Laura D Lewis, Jakob Voigts, Francisco J Flores, Lukas I Schmitt, Matthew A Wilson, Michael M Halassa, Emery N Brown. Thalamic reticular nucleus induces fast and local modulation of arousal state. eLife, October 2015 DOI: 10.7554/eLife.08760

During low arousal states such as drowsiness and sleep, cortical neurons exhibit rhythmic slow wave activity associated with periods of neuronal silence. Slow waves are locally regulated, and local slow wave dynamics are important for memory, cognition, and behaviour. While several brainstem structures for controlling global sleep states have now been well characterized, a mechanism underlying fast and local modulation of cortical slow waves has not been identified. Here, using optogenetics and whole cortex electrophysiology, we show that local tonic activation of thalamic reticular nucleus (TRN) rapidly induces slow wave activity in a spatially restricted region of cortex. These slow waves resemble those seen in sleep, as cortical units undergo periods of silence phase-locked to the slow wave. Furthermore, animals exhibit behavioural changes consistent with a decrease in arousal state during TRN stimulation. We conclude that TRN can induce rapid modulation of local cortical state.

Michael M. Halassa, Zhe Chen, Ralf D. Wimmer, Philip M. Brunetti, Shengli Zhao, Basilis Zikopoulos, Fan Wang, Emery N. Brown, Matthew A. Wilson. State-Dependent Architecture of Thalamic Reticular Subnetworks. Cell, 2014; 158 (4): 808 DOI: 10.1016/j.cell.2014.06.025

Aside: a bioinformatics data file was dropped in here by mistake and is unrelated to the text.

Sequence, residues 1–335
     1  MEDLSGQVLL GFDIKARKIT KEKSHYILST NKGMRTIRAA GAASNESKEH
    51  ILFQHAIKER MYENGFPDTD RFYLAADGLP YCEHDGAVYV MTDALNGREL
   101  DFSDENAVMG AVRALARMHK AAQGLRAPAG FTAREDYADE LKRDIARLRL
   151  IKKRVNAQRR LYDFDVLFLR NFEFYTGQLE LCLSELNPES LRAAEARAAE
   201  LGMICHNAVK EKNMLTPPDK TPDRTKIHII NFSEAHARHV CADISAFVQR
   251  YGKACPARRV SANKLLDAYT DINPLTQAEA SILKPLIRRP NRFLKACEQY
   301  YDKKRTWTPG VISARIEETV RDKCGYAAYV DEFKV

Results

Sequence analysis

Behavioral state is known to influence interactions between thalamus and cortex, which are important for sensation, action, and cognition. The thalamic reticular nucleus (TRN) is hypothesized to regulate thalamo-cortical interactions, but the underlying functional architecture of this process and its state dependence are unknown. By combining the first TRN ensemble recording with psychophysics and connectivity-based optogenetic tagging, we found reticular circuits to be composed of distinct subnetworks. While activity of limbic-projecting TRN neurons positively correlates with arousal, sensory-projecting neurons participate in spindles and show elevated synchrony by slow waves during sleep. Sensory-projecting neurons are suppressed by attentional states, demonstrating that their gating of thalamo-cortical interactions is matched to behavioral state. Bidirectional manipulation of attentional performance was achieved through subnetwork-specific optogenetic stimulation. Together, our findings provide evidence for differential inhibition of thalamic nuclei across brain states, where the TRN separately controls external sensory and internal limbic processing facilitating normal cognitive function.